Russia opposition vows 'Solidarity'
Anti-Kremlin activists meet in Moscow to discuss united movement.
Last Modified: 23 Nov 2008 19:09 GMT
Kasparov was the most high-profile Russian
liberal to attend Sunday's meeting [AFP]

About 500 anti-Kremlin activists have met in Moscow to discuss forming a movement called "Solidarity" in the latest bid to unite Russia's liberals against what they call growing authoritarianism.

Sunday's meeting came two days after Russian politicians approved constitutional amendments extending presidential terms from four years to six.

The amendments, critics say, could  facilitate the return of Vladimir Putin, the Russian prime minister, to the presidency.

The meeting, which nominated delegates for a founding congress of the new Solidarity movement scheduled for December 12-13, was attended among others by Garry Kasparov, the former world chess champion.

Activists in the new movement vowed to fight the amendments, which would become the first changes to Russia's post-Soviet constitution if they pass the upper house and two-thirds of regional assemblies, as widely expected.

"We will be one of the only political movements in Russia to stand in defence of the constitution," Ilya Yashin, one of the activists at the meeting, said.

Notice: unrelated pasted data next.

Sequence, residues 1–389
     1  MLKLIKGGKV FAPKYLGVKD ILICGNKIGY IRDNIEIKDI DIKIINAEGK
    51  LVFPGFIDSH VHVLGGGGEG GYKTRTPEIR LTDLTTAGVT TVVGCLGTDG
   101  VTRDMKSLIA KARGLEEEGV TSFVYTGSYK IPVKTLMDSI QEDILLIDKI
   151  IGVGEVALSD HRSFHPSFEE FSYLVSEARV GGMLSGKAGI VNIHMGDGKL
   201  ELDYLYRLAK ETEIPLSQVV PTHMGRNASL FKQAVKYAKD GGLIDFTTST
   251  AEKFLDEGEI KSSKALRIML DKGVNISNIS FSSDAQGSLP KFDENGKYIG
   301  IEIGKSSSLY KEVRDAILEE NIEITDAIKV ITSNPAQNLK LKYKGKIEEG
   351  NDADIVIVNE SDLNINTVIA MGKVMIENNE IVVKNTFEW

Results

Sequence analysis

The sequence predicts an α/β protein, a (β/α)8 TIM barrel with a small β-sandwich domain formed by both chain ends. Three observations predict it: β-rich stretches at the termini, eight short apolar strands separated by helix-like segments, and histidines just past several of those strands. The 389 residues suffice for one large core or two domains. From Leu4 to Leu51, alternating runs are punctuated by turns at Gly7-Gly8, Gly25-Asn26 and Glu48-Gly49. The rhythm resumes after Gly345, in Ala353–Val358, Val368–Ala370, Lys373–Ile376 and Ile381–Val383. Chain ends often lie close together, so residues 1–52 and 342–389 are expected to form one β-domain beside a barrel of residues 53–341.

Opposition unity

Yashin said that the founders of Solidarity had chosen the name in part because of the 1980s Polish trade union federation of the same name, which pushed the government of the Soviet bloc country to hold free elections in 1989.

"The victory of our Polish colleagues did much to inspire us," Yashin said.

Like the original Solidarity, the new movement plans to push for greater democracy, Yashin said, complaining that "there are no real elections in the country".

Previous attempts to unify the Russian opposition have stumbled due to disagreements over strategy and personal conflict between opposition leaders.

Topics in this article
Featured on Al Jazeera
UNHCR says hundreds of people trapped in Yaloke town risk death if they are not evacuated to safety urgently.
'Justice for All' demonstrations swell across the US over the deaths of African Americans in police encounters.
Six former Guantanamo detainees are now free in Uruguay with some hailing the decision to grant them asylum.
Disproportionately high number of Aboriginal people in prison highlights inequality and marginalisation, critics say.
Long-standing dispute over Christian use of the word 'Allah' raises concerns about a very un-Merry Christmas.
The threat posed by ISIL has prompted thousands of young Kurds to join the PKK.
Baja California - with its own grim history of disappeared people - finds a voice in the fight against violence.
Russian feminist rockers fight system holding 700,000 - the world's largest per capita prison population after the US.
Weeks of growing protests against Muslims continue in Dresden with 15,000 hitting the streets last Monday.